There's no doubt in anybody's mind that the beheadings of American journalists by ISIS extremists is news.
But the distribution of videos of those beheadings is also clearly part of an ISIS propaganda campaign.
So how can journalists cover the story and not play into the hands of ISIS propagandizing?
Kelly McBride of the Poynter Institute's Sense-Making Project said that most media outlets are -- at least -- restricting how much of those videos they show.
"Some are showing small clips of them. But for the most part these videos play right into the hands of ISIS because they are essentially messages of propaganda. They are messages meant to spread terror," McBride explained. "The more you show them, the more you carry out their message."
But journalists can't just ignore the ISIS beheading videos. Is there a way to cover this story without becoming part of the ISIS propaganda machine?
"Savvy journalism organizations are doing a couple of things when they use even the smallest clip of these videos," said McBride. "They're adding context by describing ISIS as a terrorist organization and by describing how controlling ISIS is of the message that gets out to the world about who they are and what they do and how they control media about their organization."
So that's how good journalists handle the ISIS angle.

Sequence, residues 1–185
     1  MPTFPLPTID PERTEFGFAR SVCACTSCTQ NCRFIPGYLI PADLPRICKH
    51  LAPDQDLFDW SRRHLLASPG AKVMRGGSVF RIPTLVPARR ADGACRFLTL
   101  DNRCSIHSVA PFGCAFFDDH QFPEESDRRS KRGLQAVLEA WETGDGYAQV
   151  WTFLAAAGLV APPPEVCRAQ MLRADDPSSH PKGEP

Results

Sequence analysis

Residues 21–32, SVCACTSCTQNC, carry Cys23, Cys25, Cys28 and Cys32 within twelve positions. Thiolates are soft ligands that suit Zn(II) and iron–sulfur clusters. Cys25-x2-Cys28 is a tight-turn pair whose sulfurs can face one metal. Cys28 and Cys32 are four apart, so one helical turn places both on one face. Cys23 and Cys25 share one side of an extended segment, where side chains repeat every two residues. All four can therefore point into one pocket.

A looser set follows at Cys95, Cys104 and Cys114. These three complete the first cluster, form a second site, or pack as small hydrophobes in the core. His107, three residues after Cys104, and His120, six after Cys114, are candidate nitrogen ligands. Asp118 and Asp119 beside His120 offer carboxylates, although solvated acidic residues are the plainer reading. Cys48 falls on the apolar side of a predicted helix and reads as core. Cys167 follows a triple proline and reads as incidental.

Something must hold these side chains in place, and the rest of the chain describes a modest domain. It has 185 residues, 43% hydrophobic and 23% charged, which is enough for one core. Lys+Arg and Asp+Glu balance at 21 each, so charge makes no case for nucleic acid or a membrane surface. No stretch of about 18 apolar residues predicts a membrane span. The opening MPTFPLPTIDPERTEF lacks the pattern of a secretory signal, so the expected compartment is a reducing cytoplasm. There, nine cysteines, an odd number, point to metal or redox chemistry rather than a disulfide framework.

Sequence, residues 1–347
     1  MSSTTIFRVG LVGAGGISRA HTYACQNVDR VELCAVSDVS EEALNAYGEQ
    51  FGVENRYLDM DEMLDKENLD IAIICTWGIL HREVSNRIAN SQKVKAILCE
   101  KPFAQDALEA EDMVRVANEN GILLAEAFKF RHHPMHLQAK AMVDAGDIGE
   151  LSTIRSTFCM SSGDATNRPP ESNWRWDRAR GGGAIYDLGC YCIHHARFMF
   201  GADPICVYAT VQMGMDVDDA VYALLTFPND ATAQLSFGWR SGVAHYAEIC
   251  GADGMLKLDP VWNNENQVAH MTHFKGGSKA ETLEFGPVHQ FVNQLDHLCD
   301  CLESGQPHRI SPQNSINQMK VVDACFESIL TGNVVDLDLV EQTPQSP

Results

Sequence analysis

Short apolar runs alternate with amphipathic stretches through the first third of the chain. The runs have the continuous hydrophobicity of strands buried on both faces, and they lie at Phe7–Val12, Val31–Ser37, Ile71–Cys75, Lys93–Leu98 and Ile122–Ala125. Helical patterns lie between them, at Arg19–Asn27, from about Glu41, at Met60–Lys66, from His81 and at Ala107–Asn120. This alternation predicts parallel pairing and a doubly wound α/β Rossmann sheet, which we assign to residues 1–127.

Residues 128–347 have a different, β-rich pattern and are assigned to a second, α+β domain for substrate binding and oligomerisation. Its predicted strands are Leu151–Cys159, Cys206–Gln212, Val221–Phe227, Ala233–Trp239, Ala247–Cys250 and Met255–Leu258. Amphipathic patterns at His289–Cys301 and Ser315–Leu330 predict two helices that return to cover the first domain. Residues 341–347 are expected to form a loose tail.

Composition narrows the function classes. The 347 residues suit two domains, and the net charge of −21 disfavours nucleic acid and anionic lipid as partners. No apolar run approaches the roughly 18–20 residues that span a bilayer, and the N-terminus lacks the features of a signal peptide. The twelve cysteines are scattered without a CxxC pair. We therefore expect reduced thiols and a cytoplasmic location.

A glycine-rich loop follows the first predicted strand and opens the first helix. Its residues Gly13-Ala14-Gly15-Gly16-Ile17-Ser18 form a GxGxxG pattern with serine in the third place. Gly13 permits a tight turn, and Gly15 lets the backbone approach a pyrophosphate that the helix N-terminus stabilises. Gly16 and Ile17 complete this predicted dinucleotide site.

But there's another angle to this particular situation: are reporters giving this story more attention because it involves the murder of reporters?
"This is a really hard question to answer," McBride said. "I think naturally journalists react to the killing of one of their own. But, in addition to that, by striking out at reporters, ISIS is striking out at two American values -- free speech and free press. And those are things we consider to be synonymous with civil rights. So it is different when a reporter is executed because that is an attack on the very criticism of an organization or a power structure that ISIS doesn't what to tolerate, that they see as uniquely American."
It should be noted that while the execution of two American reporters is indicative of an increasingly dangerous environment worldwide for journalists, it is journalists from other countries who have been facing the brunt of the violence.
"Thirty-four journalists have been killed this year and most of those have been killed either covering conflict or they have been targeted by those who want to silence their voices," explained McBride. "It's not American journalists who face the greatest danger. The journalists who face the biggest threat are the local journalists or those who serve as translators or 'fixers' for American journalists."